I love all the imagery in that poem is Zachary the zoo and the evening news. Uh, what is your. Uh, my poem is really about the ways in which the past two years have really brought out the insecurities of our societies globally. Uh, but also the ways in which societies like Germany have been able to react to those changes largely in a positive, constructive manner.
And maybe our, our society in the United States. Hasn’t managed to do that. Interesting. Maybe we could learn from other societies, um, Garrett, that seems like a great place to, uh, shift over to you. Um, first of all, just explain for us what this new German government looks like. It’s different from what we’re accustomed to seeing with a government dominated by the Christian Democrats and Angola.
Well, first of all, let me commend Zach on the poem. And I think the theme of, of, of memory, uh, is always particularly appropriate when we’re talking about Germany. Uh, I think we struggle to remember a Germany before Angela Merkel, because she’s been such a towering figure in German politics chancellor for 16 years, and remarkably decided to step down of her own accord.
If she had run for a fifth term, I think there’s a strong likelihood that she would. So I think that’s something I think quite remarkable when we thinking about the degree to which this election marked a change. The other elements I think to, to keep in mind is that the election that brought this new coalition was quite a tightly fought election.
I mean, the aspect is the social Democrats narrowly won a parality of votes, but it wasn’t necessarily a ringing mandate windows meant to either. Uh, so it was quite close in terms of the results. The other element, I think, which is important when we’re thinking about this selection. Uh, w when we talk about change with Merkel being no longer in the scene, but keep in mind that, although we now have a chancellor in the left Schultz from the SPD, the SPD was in government for 12 of those 16 years.
So that’s also one of the remarkable elements of German politics, the degree to which, uh, there is deep consensus between the mainstream parties and that coalitions are really deeply in bread in the DNA of gem. So I think that’s one element to keep in mind when we think maybe about the future and about the element of continuity and change and what we can expect from this new government.
So the expedite has been a part, I mean, all I’ve shorts hit himself was minister of finance, uh, in the last four years of the Merkle government. So I think that’s the element there that that’s, that’s, that’s important. Uh, the, the other, I think issue that’s. Interesting about this new government is that yes, coalition politics, coalition governments are entirely normal in German politics, but it’s quite unusual to have three parties.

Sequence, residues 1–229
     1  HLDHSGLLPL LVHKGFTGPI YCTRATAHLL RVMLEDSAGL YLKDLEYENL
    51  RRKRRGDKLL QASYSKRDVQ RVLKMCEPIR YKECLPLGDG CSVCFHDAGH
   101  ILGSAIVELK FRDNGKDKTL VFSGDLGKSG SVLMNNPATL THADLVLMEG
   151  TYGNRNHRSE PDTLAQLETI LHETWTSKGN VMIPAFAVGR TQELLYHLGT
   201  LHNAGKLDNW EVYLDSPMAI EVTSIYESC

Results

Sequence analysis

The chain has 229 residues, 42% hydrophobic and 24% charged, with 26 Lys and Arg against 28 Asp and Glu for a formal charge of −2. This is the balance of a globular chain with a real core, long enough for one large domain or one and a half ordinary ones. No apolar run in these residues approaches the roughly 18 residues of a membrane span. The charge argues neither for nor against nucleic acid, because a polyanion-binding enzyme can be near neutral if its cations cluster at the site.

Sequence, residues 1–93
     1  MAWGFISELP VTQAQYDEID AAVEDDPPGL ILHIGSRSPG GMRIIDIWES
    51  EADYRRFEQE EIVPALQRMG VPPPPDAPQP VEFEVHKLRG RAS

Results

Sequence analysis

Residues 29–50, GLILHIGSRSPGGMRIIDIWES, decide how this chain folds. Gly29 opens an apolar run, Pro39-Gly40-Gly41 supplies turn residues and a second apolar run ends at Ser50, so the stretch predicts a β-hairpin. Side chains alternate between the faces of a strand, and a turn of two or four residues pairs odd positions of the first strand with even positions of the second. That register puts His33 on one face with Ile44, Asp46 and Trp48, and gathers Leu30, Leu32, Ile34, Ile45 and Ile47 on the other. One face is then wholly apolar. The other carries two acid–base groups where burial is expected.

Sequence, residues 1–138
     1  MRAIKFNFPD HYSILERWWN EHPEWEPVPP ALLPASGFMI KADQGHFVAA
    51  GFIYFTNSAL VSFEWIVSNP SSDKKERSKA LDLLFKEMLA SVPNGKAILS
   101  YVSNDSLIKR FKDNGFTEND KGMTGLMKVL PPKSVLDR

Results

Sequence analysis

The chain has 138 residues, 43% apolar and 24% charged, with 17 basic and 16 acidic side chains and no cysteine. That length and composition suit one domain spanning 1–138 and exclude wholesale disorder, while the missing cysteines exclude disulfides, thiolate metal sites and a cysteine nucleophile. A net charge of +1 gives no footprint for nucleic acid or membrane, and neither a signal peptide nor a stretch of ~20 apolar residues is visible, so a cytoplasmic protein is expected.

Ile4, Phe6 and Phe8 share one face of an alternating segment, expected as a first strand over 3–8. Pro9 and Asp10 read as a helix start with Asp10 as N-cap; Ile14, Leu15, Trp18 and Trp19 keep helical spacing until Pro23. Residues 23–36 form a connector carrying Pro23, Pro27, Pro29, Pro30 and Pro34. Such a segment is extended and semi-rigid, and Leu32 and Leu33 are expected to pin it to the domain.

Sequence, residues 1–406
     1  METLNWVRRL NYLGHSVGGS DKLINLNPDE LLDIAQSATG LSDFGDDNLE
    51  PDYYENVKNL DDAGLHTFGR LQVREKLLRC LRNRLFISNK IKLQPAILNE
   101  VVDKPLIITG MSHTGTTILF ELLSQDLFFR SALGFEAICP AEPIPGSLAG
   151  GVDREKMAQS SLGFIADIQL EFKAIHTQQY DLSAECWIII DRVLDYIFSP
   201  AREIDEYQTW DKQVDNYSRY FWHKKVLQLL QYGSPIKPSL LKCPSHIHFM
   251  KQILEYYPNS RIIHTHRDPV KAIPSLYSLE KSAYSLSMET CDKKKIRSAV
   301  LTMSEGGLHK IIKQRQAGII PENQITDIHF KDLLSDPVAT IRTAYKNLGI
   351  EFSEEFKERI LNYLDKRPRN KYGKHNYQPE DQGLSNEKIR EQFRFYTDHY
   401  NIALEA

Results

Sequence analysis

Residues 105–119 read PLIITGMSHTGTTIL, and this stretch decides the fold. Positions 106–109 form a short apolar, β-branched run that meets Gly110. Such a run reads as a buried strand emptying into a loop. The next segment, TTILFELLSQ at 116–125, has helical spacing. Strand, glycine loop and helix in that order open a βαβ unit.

Right? Most of German politics have been soft coalitions of two parties that are probably more ideologically compatible this coalition. It’s the first time that we have this constant. Of the Democrats free Democrats, uh, the SPD and the greens. So there’s a lot of questions about how is that soul mixture?
How is that going to work? And they’re quite different in some respects. So that’s going to be, I think one of the interesting stories to follow up in the next few months, next few years, um, they were able to reconcile those differences because they have a very ambitious. Right. And I think it’s, it’s worth spending a little time on this Garrett.
They actually have an agreement, right? A written agreement. I think it’s 166 pages if I’m not mistaken between the three parties. Correct? Absolutely. That is also a tradition of, uh, of German coalitions that they have these very extensive, detailed coalition agreements. They’re not legally binding, but I think they still are important in signaling what the coalition wants to try and.
And what do you take away from what’s in that document? This time there’s a couple of important things. I think it’s quite an ambitious, uh, coalition agreement, both domestically. And I would say also in the international stage, on the domestic stage, I think it’s particularly ambitious and so far.
Improving infrastructure and digitization for Germany. I think that’s particularly important. A very ambitious climate goals, trying to essentially phase out of coal power by 2030, having 80% of all renewable energy be provided by. Um, uh, I’ve all energy, sorry to be provided by renewable energy. By the end of this decade, that’s incredibly ambitious.